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IMF Nightmare Forecast: Economic Crisis Creates $4 Trillion In Toxic Assets

05/09/2009 05:12 am ET | Updated May 25, 2011

The International Monetary Fund is set to release an updated report on the scale of toxic assets that are sitting on the balance sheets of financial institutions and banks worldwide. To characterize the IMF revised numbers as jaw dropping would be a severe understatement; the International Monetary Fund will indicate that toxic assets now amount to a staggering $4 trillion. If there are any doubts remaining as to the severity of the global economic crisis, this most current estimate of the rot eating away at the global financial architecture should set them aside.

It was only back in January that the IMF had estimated that toxic assets tied to the United States stood at $2.2 trillion, while NYU professor of economics Nouriel Roubini provided a more sobering analysis that placed a figure of $3.6 trillion regarding toxic garbage sitting on global balance sheets, half that figure being directly tied to U.S. financial institutions. The revised IMF numbers, in my view, tell us two things: 1. The erosion in asset values across the world is accelerating and 2. No one knows for certain how catastrophic this financial cancer is; the only certainty is its virulence.

As expected, the United States is the major component in the IMF scenario of horrors, being the source of three-quarters of the $4 trillion nightmare forecast. However, nearly a trillion dollars of bad assets are, according to the IMF report, tied to Europe and Asia. That latter figure is actually a portent of much worse news, as all the macro-economic indicators from Europe and Asia are deteriorating. The Eurozone is in deep recession, Eastern Europe is defaulting on massive debts and the banking sector in the U.K. is for all intents and purposes insolvent. The world's second largest economy, Japan, is in free fall collapse, with catastrophic contraction of its critical export trade. China's export market is shrinking, in the process shattering Asian economies on her periphery. The OECD (Organization for Economic Cooperation and Development) is projecting that the economies of its thirty member countries will collectively contract by 4.3%, while global trade is reduced by a savage rate of 13%. These numbers suggest that the fundamentals that have facilitated the erosion in global asset values will be even more destructive in the months ahead.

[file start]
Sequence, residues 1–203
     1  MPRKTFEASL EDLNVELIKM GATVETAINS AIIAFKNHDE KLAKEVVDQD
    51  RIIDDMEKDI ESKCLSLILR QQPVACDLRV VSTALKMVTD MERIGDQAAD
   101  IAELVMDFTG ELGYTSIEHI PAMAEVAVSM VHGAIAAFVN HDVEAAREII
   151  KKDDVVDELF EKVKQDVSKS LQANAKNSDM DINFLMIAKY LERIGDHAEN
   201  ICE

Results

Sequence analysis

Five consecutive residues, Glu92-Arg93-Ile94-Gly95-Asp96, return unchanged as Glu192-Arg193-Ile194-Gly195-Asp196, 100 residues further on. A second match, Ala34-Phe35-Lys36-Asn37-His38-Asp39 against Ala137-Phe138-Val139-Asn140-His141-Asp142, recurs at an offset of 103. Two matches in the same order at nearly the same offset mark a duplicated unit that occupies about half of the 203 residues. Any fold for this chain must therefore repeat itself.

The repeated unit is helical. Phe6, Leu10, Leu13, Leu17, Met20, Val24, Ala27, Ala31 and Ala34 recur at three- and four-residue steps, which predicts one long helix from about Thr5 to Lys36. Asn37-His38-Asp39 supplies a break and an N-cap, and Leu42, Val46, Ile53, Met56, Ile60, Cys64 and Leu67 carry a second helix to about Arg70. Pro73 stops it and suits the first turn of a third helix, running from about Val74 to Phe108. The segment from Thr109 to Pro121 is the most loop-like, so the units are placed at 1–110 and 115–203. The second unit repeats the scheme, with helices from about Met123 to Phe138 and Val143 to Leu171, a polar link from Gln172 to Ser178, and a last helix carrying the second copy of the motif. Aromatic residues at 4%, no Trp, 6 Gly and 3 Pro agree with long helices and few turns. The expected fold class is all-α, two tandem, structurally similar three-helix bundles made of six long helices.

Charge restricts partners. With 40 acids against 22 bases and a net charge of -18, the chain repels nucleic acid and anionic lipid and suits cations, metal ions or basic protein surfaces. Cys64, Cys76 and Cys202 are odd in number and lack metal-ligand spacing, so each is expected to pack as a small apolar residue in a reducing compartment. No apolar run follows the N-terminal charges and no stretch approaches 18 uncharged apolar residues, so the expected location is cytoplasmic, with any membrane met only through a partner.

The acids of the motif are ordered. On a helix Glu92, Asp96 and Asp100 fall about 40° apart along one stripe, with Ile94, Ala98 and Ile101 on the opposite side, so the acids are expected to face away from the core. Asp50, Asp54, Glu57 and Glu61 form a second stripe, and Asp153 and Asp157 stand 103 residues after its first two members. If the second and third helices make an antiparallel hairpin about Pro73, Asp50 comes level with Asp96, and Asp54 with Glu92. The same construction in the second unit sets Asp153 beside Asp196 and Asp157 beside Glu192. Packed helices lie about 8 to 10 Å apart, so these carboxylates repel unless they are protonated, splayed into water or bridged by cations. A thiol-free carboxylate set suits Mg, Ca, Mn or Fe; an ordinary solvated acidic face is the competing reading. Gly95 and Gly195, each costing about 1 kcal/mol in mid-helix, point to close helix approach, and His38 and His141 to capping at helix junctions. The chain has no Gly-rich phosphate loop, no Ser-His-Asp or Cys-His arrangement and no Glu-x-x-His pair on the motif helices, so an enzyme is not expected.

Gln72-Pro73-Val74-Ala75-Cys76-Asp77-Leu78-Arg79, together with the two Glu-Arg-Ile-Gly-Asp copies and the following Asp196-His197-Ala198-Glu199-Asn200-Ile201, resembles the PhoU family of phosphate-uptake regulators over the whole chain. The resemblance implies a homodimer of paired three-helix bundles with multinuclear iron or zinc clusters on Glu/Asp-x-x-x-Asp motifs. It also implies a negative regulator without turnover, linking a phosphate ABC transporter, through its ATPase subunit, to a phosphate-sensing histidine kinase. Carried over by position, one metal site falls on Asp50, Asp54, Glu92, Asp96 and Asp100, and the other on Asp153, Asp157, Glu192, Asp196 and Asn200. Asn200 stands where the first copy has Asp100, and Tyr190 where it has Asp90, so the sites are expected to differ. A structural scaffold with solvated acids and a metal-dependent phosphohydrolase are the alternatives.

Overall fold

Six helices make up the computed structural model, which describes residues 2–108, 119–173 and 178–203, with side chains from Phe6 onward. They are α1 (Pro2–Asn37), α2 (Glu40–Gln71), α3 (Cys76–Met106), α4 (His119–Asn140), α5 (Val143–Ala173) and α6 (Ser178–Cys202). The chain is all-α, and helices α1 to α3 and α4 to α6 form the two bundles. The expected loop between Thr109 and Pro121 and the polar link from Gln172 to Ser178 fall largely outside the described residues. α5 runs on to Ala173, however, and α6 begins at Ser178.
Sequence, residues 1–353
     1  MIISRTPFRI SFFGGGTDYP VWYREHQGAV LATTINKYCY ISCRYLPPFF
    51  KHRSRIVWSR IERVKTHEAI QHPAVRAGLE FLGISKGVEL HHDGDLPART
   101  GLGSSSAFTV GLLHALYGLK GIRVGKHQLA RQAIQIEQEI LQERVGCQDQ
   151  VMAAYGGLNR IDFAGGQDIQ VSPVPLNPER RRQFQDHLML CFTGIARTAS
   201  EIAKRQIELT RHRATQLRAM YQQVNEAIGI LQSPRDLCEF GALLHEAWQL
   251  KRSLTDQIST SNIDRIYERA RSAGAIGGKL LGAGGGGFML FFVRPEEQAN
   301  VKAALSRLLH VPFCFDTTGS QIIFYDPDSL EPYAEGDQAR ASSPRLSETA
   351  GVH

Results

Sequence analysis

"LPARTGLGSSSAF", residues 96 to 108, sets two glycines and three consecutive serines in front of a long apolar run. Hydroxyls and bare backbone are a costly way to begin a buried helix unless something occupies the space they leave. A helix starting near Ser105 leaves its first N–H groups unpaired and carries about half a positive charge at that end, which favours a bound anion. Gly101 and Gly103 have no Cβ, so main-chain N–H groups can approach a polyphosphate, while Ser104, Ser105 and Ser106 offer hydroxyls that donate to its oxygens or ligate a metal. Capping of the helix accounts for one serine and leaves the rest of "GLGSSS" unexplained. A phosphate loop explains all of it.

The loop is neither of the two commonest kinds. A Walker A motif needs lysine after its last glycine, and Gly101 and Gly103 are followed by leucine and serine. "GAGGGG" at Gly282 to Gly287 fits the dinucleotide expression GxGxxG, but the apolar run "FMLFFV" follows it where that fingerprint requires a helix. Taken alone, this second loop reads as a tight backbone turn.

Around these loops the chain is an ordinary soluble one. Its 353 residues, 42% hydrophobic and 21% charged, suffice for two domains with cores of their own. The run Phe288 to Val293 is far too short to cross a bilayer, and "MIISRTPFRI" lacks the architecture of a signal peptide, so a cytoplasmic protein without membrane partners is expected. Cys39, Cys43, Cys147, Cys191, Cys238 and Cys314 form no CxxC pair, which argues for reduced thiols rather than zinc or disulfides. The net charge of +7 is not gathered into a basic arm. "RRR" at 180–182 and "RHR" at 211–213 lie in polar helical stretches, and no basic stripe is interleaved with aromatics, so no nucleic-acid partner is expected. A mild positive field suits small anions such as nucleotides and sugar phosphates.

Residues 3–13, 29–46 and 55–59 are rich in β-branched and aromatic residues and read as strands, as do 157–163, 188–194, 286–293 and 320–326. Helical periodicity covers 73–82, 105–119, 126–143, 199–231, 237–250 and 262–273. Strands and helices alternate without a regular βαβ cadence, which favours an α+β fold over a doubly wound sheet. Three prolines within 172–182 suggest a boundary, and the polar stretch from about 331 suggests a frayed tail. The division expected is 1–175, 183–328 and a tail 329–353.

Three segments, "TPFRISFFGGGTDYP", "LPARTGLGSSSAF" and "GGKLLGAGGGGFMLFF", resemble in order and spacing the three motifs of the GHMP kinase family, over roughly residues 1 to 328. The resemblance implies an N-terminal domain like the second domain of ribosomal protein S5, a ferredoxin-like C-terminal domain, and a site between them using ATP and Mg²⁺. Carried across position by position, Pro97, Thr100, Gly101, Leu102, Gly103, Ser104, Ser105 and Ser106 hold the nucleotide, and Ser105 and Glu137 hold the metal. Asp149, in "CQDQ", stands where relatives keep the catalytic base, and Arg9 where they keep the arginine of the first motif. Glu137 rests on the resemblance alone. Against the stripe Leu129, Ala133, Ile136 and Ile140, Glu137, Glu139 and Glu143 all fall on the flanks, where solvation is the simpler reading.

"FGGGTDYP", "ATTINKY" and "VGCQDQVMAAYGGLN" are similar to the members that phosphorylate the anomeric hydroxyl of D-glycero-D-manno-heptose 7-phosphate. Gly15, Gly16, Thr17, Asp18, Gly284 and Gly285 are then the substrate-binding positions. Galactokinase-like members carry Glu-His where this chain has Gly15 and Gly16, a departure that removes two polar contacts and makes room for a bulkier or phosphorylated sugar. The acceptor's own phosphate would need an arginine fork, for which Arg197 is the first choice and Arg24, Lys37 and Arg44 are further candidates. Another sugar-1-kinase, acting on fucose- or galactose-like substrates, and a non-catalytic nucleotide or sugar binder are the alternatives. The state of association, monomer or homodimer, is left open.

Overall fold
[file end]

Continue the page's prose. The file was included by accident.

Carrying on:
Placed in context, the IMF revised estimate on the meltdown in the global financial architecture is merely a pointer in a very dangerous direction, and not a final estimate on toxic assets. It is likely that the ultimate number goes beyond $4 trillion. How much worse can it get? A secret document leaked from the European Commission suggested that European banks alone hold up to $24 trillion in "troubled" assets. If one quarter of those assets are indeed toxic, it is not beyond the realm of possibility that the actual scope of financial toxicity on global balance sheets may be in the range of $8-9 trillion. However, even worse than any apocalyptic forecast is the realization that no one knows with certainty how massive the financial contagion really is. In the final analysis, it is the uncertainty being wrought by the global economic crisis that is most destructive to the world's financial system, even more than the appalling statistics, as frightening as they are in the abstract.